L.A. Affairs: I knew she was the one when we began arguing -- over the election

How I finally figured out she was The One.
How I finally figured out she was The One.
(Joseph Daniel Fiedler / For The Times)

To this day, my parents both say that during their three decades of marriage, their most heated argument was about politics. It took place during the 2000 presidential election recount, when they began vehemently disagreeing about whether Ralph Nader had cost Al Gore the election.

Their nadir was Nader.

Though ostensibly negative, this moment actually came to represent a positive ideal for which to aim in my own life. My parents were so in sync that their biggest rift was caused not by vicious fights about sensitive topics such as finances, religion, parenting or affairs, but by a disagreement about politics — when they both supported the same candidate!

Given the impossibility of a lifelong union with zero disagreements, this petty tiff represented my gold standard.

Would I ever meet a woman with whom I’d be so compatible?

It was during the opening minutes of a first date, after having spent several days chatting on a dating website, now warming our hands over hot chocolate at a cozy coffee shop, that I first started to fall for Beth.

My previously published column in these pages told the tale of my doomed attempt at finding true love in the City of Angels, ultimately culminating in heartbreak. This happy-ending sequel tells the tale of how I subsequently found love after all — and, amid this most contentious presidential election, the story of how another presidential election solidified our relationship.


Beth began the conversation by mentioning that she worked for an environmental nonprofit, to which I replied that I also worked for a nonprofit, called the Journalism Industry. Her genuine laughter revealed within a minute of meeting that she liked me for “me,” rather than for reasons like income. Instantly, the conversation flowed as effortlessly as if we were long-lost best friends.

Then we played several rounds of a game my father had invented called “Abstract Concepts 11 Questions,” a takeoff on the traditional guessing game except all the answers had to be philosophical ideas like secular humanism. I’d never had a first date featuring this. Actually, nobody in history had.

The next day was that traditional second-date standby, a cemetery. We silently walked to the grave of her family member killed in Vietnam who she never got the opportunity to meet, and she cried. It was so honest, so real. Beth wasn’t trying to be “the cool girlfriend.” She was just being herself, raw. And that, in turn, made her infinitely cooler.

Our lives became a romantic-comedy movie montage. We competed against each other in a citywide air-guitar contest, me under the stage name “Air-Rock Obama,” her as “HillAIRy Clinton.” For her birthday, I gave her an original cartoon by the award-winning editorial cartoonist at the journalism publication where I worked at the time. Depicting an elephant and donkey on a seesaw, the caption read, “To Beth: May you always find your checks and balances.”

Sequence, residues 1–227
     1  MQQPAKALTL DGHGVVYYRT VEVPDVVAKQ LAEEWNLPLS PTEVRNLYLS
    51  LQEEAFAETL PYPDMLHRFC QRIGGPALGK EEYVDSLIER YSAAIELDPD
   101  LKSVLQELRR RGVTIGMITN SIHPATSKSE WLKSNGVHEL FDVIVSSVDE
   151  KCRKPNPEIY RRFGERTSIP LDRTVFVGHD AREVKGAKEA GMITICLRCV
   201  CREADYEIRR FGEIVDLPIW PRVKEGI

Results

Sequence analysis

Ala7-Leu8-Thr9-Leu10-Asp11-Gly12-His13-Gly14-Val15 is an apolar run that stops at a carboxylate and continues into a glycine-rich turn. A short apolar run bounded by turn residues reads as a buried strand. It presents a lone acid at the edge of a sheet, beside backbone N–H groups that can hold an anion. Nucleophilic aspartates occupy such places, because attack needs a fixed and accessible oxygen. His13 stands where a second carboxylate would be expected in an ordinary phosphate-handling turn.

We even weathered the difficult period when she became infatuated with another man — upon attending a screening of the musical “1776,” when she developed a crush on Thomas Jefferson. “He’s brave and stands up to the British … but he’s also sensitive and plays the violin!” My status threatened, I noted that the film omitted the part where Jefferson slept with his slave.

I had never been happier in my entire life, despite my brother David’s correct assumption that, “If a woman is still with you, she must not yet know about that time you competed in the Nathan’s Hot Dog Eating Contest.”

Yet I was still uncertain if Beth was The One. Don’t get me wrong — we were wonderful together, almost ideal. But that pronouncement would be a huge leap, from which I could never turn back. In real life, how do you truly know?

After a few months together, Beth and I went on a more scholarly date: a bookstore to see an author promote his new political book. The author? Ralph Nader. On the ride back home, Beth and I got into a discussion about whether Nader had cost Gore the election.

To this day, it was the most heated argument we’d ever had.

In his Bush v. Gore dissent, Supreme Court Justice John Paul Stevens wrote: “Although we may never know with complete certainty the identity of the winner of this year’s presidential election, the identity of the loser is perfectly clear. It is the nation’s confidence in the judge as an impartial guardian of the rule of law.”

Although I may never know with complete certainty the identity of the winner of that year’s election either, an identity of a loser is now perfectly clear to me. It is someone who abandons hope of finding someone with whom he or she can be perfectly in sync.

Even if the person he/she finds thinks it was not Nader’s fault.

The author is a journalist who writes about the film industry for BoxOffice magazine and and politics for GovTrack Insider.

L.A. Affairs chronicles the dating scene in and around Los Angeles. If you have comments or a true story to tell, email us at